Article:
Spinal Fusion (Thorascopic Assisted)

Cause / Condition

There are numerous spinal afflictions that may or may not require this surgical intervention including degenerative disc disease, herniation, stenosis, osteoporosis, deformities, and fractures.

About the Procedure

The surgical approach to the thoracic spine is begun with multiple chest incisions by the cardiothoracic surgeon to allow the spinal specialist access to perform the fusion and/or insert fusion cages and/or allograft spacers.


The minimally invasive technique results in a shorter hospital stay and less postoperative pain and discomfort for the patient, including an improved cosmetic appearance. A faster recovery results in an overall faster resumption of work and normal activities.

Expectations / Experience

Patients can expect an overall faster resumption of work and normal activities as indicated in the comparative table. Thorascopically assisted spinal fusions are performed at Columbia St. Mary's Hospital Milwaukee.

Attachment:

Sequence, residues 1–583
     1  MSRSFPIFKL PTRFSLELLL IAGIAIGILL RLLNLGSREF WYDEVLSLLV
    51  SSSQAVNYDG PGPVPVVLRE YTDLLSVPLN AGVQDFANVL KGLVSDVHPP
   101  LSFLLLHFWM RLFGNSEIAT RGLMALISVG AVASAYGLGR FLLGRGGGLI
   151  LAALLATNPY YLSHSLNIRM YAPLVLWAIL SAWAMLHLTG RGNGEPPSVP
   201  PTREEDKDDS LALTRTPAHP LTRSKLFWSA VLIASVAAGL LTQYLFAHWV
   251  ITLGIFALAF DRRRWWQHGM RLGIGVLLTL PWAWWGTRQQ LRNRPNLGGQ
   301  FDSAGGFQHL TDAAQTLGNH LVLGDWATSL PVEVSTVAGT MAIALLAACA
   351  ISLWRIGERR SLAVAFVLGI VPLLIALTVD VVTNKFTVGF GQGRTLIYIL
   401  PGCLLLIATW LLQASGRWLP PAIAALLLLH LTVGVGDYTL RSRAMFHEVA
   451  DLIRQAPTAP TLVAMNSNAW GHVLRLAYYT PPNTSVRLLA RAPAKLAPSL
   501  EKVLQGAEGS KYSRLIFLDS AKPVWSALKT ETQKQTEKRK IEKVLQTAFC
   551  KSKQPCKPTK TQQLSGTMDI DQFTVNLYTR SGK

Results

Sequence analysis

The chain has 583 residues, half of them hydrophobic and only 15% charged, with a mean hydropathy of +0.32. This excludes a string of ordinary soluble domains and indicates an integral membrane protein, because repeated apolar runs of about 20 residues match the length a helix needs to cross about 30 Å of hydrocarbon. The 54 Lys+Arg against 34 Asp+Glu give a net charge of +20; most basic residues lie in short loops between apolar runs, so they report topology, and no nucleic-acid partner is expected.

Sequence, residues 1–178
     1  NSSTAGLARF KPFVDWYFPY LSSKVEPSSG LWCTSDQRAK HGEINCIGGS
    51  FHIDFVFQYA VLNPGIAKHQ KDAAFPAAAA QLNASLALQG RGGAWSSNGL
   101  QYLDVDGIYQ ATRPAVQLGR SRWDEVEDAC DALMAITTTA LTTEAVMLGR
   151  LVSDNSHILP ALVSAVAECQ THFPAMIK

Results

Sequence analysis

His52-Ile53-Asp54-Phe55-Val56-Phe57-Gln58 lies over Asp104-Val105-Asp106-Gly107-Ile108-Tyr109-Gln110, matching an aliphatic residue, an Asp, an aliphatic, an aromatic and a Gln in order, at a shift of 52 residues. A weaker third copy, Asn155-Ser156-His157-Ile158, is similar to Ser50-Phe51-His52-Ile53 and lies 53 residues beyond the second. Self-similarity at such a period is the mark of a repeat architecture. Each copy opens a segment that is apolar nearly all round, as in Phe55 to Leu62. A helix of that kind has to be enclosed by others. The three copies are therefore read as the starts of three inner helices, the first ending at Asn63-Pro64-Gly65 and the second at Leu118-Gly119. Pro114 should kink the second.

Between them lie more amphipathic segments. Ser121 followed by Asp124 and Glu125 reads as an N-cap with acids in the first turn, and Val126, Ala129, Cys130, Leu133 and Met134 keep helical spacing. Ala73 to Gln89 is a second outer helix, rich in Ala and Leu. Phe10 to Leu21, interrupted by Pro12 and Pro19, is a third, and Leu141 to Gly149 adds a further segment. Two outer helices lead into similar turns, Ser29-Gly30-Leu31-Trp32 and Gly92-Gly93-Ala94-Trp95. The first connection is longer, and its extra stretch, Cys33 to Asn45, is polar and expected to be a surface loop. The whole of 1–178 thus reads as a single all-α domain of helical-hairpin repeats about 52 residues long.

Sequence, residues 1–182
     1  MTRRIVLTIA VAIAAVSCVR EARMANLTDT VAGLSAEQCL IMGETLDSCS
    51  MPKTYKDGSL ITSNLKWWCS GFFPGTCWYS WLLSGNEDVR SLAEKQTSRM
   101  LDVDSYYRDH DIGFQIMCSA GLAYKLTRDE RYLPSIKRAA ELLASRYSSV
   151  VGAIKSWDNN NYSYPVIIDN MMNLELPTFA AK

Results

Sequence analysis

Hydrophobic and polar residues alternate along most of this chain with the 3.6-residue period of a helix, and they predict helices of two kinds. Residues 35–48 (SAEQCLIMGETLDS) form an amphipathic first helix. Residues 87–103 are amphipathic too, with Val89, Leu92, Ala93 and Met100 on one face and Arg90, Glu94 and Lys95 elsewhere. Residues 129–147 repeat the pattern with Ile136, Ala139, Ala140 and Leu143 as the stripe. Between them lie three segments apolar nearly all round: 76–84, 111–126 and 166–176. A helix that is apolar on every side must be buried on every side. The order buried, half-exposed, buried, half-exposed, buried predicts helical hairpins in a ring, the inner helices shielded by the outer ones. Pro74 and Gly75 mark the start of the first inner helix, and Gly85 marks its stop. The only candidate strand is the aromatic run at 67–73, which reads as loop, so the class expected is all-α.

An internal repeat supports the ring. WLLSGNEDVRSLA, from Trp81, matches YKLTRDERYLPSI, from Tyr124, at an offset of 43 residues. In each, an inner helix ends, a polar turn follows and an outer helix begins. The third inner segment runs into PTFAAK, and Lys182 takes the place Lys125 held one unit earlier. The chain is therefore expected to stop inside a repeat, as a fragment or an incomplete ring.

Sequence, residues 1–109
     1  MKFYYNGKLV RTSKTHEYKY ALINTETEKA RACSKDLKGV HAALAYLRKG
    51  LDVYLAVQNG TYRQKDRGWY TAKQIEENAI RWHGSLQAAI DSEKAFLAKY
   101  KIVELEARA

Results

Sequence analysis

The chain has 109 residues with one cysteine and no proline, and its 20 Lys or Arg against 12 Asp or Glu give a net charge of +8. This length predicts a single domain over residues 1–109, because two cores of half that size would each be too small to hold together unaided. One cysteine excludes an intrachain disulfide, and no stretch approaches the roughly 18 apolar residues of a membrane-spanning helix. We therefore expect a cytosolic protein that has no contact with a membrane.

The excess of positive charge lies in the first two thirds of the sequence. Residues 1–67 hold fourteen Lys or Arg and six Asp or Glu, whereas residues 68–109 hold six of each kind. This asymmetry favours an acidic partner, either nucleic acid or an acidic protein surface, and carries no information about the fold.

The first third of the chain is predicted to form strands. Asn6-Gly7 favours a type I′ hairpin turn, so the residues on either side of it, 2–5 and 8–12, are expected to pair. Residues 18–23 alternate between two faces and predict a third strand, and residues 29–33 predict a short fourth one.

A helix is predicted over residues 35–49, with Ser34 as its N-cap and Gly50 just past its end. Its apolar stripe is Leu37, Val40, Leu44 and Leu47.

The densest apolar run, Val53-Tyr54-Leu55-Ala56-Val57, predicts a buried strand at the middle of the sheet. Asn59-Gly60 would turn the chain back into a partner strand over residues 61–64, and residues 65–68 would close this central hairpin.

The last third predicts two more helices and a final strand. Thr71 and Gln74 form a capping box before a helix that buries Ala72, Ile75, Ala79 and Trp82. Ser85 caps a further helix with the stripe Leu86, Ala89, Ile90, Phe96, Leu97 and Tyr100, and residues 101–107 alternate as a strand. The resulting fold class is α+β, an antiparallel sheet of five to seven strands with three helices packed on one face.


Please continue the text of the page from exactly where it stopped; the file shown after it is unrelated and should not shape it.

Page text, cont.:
Thorascopic techniques for minimally invasive spinal surgery have been developed under the multi-disciplinary team of Drs. Stephen E. Robbins and Robert P. McManus. In keeping with the progressive philosophy of MIMIS, outcome results have been reported by Dr. Robbins at both national and international medical conferences and through numerous lectures and programs.

Factor Traditional Laparoscopic
Hospital Stay 4-6 days 1-2 days
Pain during recovery Severe Moderate
Return to work timeframe 3 months 1-2 months
Cosmetic results 6-8" scar 2" scar

Columbia St. Mary's

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